In recent years, Pittsburgh has drawn its fair share of comparisons to Brooklyn. But don’t bring that up to Brent Young. “People keep telling me Pittsburgh is the new Brooklyn . . . it pisses me off.” Young, the restaurateur behind The Whitfield, is quoted in a new piece for WSJ. Magazine entitled “The Ace Hotel’s Latest Outpost Opens in Pittsburgh.” Beth Kracklauer looks at East Liberty’s trendy new hotel and considers how it fits into a rapidly changing neighborhood—and city.

One of the central goals of the Ace brand, Kracklauer explains, is creating spaces that mesh with the fabric of the cities around them. “No, we are not in Brooklyn,” she writes. “Pittsburgh—its architecture and singular history—is this hotel’s subject and muse.” Kracklauer points to the history of the company, which started when three friends turned a Seattle flophouse into a place for artists to gather. Today, the Ace has eight hotels everywhere from Portland to Panama City, each of which is “as much a social experiment as a place to stay.”

The Ace Hotel Pittsburgh, which opened in December in a former YMCA, is the latest addition to the rapidly developing neighborhood of East Liberty. Kracklauer outlines a brief history of Pittsburgh’s “second downtown,” which has seen wild ups and downs over the past century. And with a Google office and Carnegie Mellon University nearby, as well as “a growing crop of local galleries, microbreweries and other creative incubators,” East Liberty is in the throes of massive change once again.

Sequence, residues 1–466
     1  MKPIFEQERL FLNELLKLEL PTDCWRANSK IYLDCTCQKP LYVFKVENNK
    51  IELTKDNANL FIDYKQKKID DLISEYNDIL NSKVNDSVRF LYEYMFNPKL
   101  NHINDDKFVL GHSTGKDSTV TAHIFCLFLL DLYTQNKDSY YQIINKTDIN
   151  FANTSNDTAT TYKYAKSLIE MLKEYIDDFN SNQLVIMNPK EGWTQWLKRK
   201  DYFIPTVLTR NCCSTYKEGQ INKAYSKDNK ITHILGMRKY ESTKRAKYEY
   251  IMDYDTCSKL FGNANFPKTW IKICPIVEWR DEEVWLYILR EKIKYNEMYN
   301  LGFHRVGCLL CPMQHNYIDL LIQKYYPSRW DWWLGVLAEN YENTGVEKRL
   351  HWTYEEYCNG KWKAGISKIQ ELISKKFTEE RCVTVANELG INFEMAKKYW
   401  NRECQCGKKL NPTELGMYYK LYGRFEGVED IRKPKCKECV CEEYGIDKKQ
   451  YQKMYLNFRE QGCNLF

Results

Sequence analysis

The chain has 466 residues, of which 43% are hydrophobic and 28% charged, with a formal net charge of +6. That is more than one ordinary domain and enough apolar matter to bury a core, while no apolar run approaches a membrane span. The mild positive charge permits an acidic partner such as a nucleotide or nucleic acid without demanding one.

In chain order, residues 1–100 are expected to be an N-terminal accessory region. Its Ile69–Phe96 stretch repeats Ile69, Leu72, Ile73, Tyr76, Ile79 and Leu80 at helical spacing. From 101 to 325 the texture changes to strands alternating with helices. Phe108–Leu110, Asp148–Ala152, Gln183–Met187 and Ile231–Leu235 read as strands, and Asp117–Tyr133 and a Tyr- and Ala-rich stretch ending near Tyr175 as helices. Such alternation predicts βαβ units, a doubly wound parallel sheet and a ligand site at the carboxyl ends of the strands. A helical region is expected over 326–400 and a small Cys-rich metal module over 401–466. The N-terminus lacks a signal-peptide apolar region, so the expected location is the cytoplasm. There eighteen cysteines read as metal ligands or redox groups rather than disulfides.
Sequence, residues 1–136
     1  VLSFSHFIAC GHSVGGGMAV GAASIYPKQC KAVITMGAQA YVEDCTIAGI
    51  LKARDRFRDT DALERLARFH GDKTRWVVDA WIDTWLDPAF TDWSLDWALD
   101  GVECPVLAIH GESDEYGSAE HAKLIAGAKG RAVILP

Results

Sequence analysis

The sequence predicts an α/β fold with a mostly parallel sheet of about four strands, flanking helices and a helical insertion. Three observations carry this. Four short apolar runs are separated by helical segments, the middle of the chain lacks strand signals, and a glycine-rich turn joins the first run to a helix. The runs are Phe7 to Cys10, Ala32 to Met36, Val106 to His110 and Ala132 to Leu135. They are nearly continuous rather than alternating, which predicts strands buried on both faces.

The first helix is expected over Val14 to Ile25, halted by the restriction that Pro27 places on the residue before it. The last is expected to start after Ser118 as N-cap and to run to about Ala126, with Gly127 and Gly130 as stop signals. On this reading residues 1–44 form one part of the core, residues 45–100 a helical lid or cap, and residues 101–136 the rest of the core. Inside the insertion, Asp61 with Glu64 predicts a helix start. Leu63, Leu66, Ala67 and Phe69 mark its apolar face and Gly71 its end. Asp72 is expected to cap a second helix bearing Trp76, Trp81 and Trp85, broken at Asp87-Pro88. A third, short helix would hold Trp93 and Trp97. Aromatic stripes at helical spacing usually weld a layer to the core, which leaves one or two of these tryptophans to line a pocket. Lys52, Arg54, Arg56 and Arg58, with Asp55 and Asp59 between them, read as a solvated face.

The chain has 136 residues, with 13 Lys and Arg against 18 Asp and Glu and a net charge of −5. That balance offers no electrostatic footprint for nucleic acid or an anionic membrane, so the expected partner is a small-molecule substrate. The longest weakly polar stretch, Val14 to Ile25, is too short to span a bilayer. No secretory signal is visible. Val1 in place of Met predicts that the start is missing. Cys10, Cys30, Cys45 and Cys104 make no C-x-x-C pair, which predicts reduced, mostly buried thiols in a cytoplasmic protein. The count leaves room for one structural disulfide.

The new Ace Hotel Pittsburgh works to be an active part of that evolving neighborhood, incorporating local people and businesses at every turn. From a stairwell exhibition of the work of celebrated Pittsburgh photographer Charles “Teenie” Harris to furniture by local workshop Bones and All, the Ace Hotel Pittsburgh is more than a few nicely appointed rooms. Says Kracklauer, “A real sense of Pittsburgh—of any city where an Ace Hotel sets up shop—is what this team aims to distill and deliver.”

Read the full story over at WSJ. Magazine.